Surviving Withdrawal

The break-up workbook for love addicts, by Jim Hall MS (a summary by Pat Evert)
in brief

You are not going crazy. You are not insane. You are going to be ok. The obsessions, the emptiness, the panic, the sense of not knowing who you are; the feeling of never finding love again… it all can feel insurmountable. But withdrawal contains the seeds of becoming a completely healthy person. Withdrawing is a time to meet yourself; that is, your authentic precious self you have been for so long. If I had continued my ongoing relational patterns, I would not have the self-love and value present today; nor the healthier relationships and the experience of a fulfilling marriage. The pain of withdrawal was a necessary consequence of my love addiction — and although very painful, was a bona fide blessing


The more one uses their addiction of choice; obsession and preoccupation for that addiction increases. When there is addiction, there is a lack of control over thoughts, compulsions, or behaviors. Essentially, an addiction is used as a coping mechanism to escape the way one feels about themselves and/or the world around them. Addictions act as a lubricant to cope with missing or unfulfilled needs, which arise from unpleasant events or situations in one’s life – temporarily allowing an addict to disregard, “forget,” deny, or repress problems, emotions. The same way addicts in recovery need to abstain from drugs and alcohol, those with a Love Addiction must abstain from their behavioral addiction if they are to recover and heal from this problem.


Love addiction is a psychological addiction and chronic preoccupation to a person, romance or the fantasy of a person in relationships. The addiction to ‘love’ is carried out in self defeating behaviors in a diminished capacity of the “self,” to validate one’s self-worth. No person can fill another’s emptiness and internal void; no one can make someone happy if they are not already happy internally. The love addict enters a relationship, and makes up who they want their partner to be – and do not see who their partner truly is. Love addicts are drawn to Love Avoidant partners who are compulsively counter-dependent – that is, they are emotionally unavailable, disconnected and fear being engulfed by their love addict partner. Avoidants enter relationships with walls – where they will let nothing or no one in – which makes healthy relationships impossible. Love addiction, like any addiction, is a progressive illness, which is not curable but can be successfully treated, as long as one does the work needed. The negative consequence of addictive love is most prominently revealed when a relationship ends; or when a relationship is perceived as falling apart. This is when withdrawal of being with one person is experienced at the most intense level. Since the relationship with one person has been the essential contact point with life, and the relationship becomes one’s only identity – its removal leaves him or her in disoriented agony— as withdrawal occurs and the fantasy is weakened; reality comes seeping in, a reality of which a love addict denied since the relationship began. Obsessive thoughts may escalate in extreme—leaving him or her desperately seeking relief by getting their drug (lover) back.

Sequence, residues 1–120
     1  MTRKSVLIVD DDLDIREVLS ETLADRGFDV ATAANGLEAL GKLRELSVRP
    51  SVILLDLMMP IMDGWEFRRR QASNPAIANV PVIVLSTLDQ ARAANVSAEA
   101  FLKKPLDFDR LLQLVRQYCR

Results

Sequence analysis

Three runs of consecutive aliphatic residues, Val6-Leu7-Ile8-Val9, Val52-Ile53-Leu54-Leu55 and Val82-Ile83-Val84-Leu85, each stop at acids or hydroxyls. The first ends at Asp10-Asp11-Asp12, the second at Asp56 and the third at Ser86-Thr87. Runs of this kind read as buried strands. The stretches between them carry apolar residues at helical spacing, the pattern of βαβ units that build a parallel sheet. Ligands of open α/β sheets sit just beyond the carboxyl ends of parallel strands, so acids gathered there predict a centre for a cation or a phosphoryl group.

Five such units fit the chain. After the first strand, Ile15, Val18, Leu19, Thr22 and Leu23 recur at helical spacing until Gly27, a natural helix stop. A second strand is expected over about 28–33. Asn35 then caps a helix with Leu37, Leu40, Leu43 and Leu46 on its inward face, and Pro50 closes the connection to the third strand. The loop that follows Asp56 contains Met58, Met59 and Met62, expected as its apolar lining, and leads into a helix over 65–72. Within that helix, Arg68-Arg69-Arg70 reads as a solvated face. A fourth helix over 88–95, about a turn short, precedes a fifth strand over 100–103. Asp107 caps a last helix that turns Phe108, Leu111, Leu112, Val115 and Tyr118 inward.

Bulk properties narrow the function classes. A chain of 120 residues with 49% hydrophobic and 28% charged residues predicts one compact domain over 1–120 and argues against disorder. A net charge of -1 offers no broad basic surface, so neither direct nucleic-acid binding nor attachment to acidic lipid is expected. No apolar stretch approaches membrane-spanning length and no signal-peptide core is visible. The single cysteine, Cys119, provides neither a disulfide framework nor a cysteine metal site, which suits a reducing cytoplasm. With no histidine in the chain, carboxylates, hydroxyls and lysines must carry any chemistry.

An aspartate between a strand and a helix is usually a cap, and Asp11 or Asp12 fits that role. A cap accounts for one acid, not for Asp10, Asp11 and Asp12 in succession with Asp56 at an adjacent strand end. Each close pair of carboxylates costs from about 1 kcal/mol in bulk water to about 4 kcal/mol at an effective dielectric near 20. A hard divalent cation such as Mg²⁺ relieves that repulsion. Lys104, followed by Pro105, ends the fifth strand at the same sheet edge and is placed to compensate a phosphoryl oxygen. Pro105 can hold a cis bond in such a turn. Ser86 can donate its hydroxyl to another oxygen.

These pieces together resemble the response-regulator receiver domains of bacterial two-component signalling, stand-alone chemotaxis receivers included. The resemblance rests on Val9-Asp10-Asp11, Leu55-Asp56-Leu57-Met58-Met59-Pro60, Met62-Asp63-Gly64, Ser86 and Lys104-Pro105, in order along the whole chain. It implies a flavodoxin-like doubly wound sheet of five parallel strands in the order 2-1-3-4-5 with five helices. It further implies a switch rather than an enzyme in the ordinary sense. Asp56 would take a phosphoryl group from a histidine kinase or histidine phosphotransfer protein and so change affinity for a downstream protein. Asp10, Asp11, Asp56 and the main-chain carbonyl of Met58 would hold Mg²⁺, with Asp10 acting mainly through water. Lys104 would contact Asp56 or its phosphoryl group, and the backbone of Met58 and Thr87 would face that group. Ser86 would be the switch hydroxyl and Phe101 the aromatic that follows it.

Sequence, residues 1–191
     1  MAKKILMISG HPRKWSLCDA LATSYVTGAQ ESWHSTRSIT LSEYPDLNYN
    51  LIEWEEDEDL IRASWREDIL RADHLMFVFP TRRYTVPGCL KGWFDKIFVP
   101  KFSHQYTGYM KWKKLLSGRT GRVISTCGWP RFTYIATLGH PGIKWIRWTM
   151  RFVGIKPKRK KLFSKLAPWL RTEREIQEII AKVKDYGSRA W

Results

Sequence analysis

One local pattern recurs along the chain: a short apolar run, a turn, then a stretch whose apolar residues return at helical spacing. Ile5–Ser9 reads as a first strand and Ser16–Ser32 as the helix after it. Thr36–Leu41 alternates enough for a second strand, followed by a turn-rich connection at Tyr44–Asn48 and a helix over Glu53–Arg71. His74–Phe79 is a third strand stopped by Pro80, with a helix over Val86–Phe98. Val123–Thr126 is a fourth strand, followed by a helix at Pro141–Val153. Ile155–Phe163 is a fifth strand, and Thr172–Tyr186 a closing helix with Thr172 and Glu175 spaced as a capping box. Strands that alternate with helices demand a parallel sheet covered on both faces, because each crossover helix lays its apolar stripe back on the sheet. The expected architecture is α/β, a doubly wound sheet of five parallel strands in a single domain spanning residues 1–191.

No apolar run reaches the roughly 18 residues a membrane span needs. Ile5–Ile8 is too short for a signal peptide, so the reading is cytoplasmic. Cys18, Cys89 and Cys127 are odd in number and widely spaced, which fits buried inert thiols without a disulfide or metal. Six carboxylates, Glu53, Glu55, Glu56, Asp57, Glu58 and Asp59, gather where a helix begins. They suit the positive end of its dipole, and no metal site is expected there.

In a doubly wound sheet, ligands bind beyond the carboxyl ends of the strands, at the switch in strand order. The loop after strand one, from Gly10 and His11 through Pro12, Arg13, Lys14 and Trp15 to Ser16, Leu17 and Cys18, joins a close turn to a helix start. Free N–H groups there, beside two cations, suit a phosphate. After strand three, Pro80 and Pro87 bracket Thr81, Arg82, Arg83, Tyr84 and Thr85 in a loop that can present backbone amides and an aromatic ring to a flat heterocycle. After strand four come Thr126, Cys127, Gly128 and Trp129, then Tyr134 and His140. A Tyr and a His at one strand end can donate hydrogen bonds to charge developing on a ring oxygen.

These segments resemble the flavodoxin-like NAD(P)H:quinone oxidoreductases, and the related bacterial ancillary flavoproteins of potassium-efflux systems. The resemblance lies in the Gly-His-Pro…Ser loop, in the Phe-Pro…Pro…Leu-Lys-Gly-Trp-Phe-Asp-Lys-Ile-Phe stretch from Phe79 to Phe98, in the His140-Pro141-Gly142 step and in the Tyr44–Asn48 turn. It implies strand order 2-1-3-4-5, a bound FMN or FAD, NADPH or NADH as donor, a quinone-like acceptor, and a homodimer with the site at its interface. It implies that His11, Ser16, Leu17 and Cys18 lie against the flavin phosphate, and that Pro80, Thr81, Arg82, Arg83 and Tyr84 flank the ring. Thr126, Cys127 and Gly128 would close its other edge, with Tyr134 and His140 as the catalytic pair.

When the breakup becomes reality and your heart breaks in two, chemicals are released that cause temporary ‘insanity,’ or so it feels. Love addiction withdrawal is more often than not, agonizing, excruciating, and feels unbearable. In essence, the addiction was just a buffer to avoid and abandon the self. This is the sickness in addiction.


Because you have identified through your partner’s world, while ignoring your own, you feel an intense loss of self; loss of identity. The feeling of being completely diminished and insufficient as a person, flood the “being” of your soul. Common feelings of never being loved again, extreme obsession, anger, a powerful sense of betrayal, resentment. You have believed falsely that you are not worthy of love


For love addicts however, the normal stages of grieving evolve into morbid and/or pathological grief process, characterized by obsession, denial, chronic depression, avoidance of normal activities and powerful desire to escape from reality. It is pathological because the grief is tethered to the addiction aspect to what was lost. The grief turns into extremely painful withdrawal where you feel crazy – even like dying. In order to get better, addicts need to grieve the loss of the addiction which provided comfort, even if that comfort was temporary and toxic. Craving in any addiction is normal in withdrawal – even though it is certainly not a fun process to go through. 


You are not necessarily feeling this intense pain because of your ex-partner and the loss of your relationship. Much of the feelings are immature responses of your inner-child, one who desperately wants to be loved. What you are experiencing is that little child of yours crying out desperately for acceptance, worth and value. These wounds resurface in intimate relationships and result in emotional pain. You end up taking a failed relationship to heart, falsely personalizing it; injure yourself, and internalizing the rejection, just as a child would. The old wounds resurface— spilling their toxins in a supposedly new injury. When you feel the other couldn’t love you because of something you did wrong, which is not the case – the wound becomes a self-contained system where self-doubt incubates and fear and emptiness becomes ingrown. You internalize the lies which foster the carried childhood shame ever so deeper